If you're not in class, how can you expect to learn?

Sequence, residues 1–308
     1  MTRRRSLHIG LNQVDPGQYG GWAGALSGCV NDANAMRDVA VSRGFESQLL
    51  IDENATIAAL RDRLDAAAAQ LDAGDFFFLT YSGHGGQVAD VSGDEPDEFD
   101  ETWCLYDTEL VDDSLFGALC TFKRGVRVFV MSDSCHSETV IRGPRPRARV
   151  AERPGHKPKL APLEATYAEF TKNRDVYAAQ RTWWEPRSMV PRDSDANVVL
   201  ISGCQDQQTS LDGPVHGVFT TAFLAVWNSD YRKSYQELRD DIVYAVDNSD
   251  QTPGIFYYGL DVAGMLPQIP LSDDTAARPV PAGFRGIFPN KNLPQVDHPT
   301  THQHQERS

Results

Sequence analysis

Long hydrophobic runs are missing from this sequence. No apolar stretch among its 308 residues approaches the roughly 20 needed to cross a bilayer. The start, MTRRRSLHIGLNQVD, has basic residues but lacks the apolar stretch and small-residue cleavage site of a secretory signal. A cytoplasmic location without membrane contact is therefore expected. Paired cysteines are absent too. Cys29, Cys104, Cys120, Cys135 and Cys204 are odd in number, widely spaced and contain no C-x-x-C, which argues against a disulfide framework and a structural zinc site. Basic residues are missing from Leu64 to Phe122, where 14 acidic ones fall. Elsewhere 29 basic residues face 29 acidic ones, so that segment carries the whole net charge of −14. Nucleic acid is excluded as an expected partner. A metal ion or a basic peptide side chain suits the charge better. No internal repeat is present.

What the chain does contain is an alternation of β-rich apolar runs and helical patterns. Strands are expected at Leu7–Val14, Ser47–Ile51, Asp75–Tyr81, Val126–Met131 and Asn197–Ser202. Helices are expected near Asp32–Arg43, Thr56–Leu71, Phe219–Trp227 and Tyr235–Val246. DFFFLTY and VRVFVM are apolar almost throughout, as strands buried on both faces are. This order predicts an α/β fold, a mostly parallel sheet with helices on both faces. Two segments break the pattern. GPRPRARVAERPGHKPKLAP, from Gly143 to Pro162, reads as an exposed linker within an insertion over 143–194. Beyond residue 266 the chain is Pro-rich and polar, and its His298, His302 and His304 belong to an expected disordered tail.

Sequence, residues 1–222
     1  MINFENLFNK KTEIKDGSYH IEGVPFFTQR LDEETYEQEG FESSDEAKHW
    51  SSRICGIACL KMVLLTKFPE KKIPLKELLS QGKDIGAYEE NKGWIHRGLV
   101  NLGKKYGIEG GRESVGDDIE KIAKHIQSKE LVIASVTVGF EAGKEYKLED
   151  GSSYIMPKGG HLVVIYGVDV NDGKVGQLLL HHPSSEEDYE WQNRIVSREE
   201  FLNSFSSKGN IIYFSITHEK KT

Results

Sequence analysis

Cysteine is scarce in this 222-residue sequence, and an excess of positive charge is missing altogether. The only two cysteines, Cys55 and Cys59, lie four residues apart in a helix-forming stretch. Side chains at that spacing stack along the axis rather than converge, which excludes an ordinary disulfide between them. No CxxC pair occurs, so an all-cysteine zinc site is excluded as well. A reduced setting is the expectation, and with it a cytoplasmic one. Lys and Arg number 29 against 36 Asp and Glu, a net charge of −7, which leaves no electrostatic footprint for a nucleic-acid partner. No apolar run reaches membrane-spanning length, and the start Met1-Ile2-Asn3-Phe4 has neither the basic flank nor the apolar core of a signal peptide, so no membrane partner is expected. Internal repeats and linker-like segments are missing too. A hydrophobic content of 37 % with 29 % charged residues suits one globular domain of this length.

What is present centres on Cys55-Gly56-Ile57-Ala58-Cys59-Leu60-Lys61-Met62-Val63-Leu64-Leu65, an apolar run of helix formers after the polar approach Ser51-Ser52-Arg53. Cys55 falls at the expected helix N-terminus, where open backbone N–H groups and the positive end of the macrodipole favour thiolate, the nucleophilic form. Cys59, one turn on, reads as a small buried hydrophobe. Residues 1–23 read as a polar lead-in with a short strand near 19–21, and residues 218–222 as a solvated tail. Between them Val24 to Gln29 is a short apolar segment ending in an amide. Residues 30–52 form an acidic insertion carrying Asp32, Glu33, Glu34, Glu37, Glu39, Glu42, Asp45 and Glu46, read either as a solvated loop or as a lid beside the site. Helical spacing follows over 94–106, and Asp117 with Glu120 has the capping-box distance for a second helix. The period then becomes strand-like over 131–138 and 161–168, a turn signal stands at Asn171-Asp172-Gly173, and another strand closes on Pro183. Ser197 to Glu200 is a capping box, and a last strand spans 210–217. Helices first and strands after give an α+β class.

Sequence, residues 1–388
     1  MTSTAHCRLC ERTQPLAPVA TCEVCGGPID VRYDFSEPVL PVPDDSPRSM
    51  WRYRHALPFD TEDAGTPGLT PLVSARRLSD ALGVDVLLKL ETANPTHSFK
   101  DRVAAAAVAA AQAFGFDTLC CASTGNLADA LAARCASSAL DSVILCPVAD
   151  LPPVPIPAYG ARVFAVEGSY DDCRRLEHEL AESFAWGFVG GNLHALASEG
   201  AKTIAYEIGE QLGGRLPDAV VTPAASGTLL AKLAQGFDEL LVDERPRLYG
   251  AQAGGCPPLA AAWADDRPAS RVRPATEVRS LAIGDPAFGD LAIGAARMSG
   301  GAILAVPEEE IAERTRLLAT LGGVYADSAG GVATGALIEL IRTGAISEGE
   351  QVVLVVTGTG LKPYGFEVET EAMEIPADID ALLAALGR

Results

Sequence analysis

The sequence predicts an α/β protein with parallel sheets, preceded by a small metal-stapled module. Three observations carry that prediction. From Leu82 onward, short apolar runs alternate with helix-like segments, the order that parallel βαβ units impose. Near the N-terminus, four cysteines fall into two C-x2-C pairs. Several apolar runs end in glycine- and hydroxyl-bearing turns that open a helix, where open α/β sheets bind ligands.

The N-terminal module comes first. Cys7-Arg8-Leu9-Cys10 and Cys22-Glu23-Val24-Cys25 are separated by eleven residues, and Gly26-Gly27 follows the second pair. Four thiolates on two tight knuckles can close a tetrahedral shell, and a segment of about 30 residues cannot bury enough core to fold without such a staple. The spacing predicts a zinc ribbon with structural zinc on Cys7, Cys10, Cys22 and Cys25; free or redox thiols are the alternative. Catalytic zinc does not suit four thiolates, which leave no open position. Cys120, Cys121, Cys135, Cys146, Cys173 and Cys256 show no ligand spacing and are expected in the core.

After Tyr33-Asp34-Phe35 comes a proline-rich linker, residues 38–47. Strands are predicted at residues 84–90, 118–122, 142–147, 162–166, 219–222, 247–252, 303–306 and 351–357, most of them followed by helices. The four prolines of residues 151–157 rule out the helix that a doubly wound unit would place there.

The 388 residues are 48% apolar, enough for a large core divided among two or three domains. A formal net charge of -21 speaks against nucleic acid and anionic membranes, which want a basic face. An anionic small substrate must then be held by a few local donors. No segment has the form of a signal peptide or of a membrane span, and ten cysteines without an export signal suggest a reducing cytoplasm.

Students can participate in several different ways in class. Any kind of participation whatsoever is extremely important for the learning process. We have voluntary and involuntary participation to be taken into consideration. Voluntary participation is when the student feels the urge to comment, elaborate, clarify or express an opinion in class for any given reason. Involuntary participation happens when students are prompted by the teacher to participate. The most common example of participation is when students unmute their microphones and speak directly to the class. A message on the chat can also be considered participation. The use of the platform's reactions/emojis is also always considered. If the student's camera is turned on, facial expressions, gestures, or visual messages are also a valid way of participating. This is only true because students can only participate, comment, ask or answer if they are well aware of what is being discussed in class, this already shows that the student is involved in the process and having the experience we wish them to have.